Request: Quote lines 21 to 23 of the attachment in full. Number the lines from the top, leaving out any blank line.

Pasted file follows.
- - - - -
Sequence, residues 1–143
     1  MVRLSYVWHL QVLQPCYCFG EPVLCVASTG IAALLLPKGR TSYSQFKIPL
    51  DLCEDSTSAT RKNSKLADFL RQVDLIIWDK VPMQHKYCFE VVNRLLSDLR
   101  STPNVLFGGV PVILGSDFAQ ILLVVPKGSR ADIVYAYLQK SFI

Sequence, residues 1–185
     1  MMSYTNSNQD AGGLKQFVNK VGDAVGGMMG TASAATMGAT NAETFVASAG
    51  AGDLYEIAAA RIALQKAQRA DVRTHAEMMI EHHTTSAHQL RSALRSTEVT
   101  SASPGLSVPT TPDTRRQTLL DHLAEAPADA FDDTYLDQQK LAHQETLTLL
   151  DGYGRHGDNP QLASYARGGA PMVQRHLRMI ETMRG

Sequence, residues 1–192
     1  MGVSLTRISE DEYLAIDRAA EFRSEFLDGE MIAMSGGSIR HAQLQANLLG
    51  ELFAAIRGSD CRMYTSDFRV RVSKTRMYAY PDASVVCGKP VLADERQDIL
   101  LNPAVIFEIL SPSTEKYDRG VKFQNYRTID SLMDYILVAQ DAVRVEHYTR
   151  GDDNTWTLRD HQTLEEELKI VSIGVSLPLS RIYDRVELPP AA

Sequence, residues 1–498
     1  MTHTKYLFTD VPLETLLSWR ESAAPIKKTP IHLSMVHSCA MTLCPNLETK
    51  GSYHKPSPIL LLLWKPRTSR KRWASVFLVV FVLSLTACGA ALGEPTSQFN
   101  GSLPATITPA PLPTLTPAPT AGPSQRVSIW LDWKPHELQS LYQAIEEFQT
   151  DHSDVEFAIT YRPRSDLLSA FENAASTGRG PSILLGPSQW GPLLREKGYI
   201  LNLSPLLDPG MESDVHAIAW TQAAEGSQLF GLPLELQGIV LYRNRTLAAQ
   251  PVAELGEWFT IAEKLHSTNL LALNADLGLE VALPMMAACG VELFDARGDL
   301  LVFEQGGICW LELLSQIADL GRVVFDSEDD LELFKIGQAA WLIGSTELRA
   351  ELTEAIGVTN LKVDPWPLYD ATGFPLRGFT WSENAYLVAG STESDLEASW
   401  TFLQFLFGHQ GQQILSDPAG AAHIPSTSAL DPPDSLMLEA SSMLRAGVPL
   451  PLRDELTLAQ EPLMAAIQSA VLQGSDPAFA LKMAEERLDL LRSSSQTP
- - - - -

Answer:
   251  PVAELGEWFT IAEKLHSTNL LALNADLGLE VALPMMAACG VELFDARGDL
   301  LVFEQGGICW LELLSQIADL GRVVFDSEDD LELFKIGQAA WLIGSTELRA
   351  ELTEAIGVTN LKVDPWPLYD ATGFPLRGFT WSENAYLVAG STESDLEASW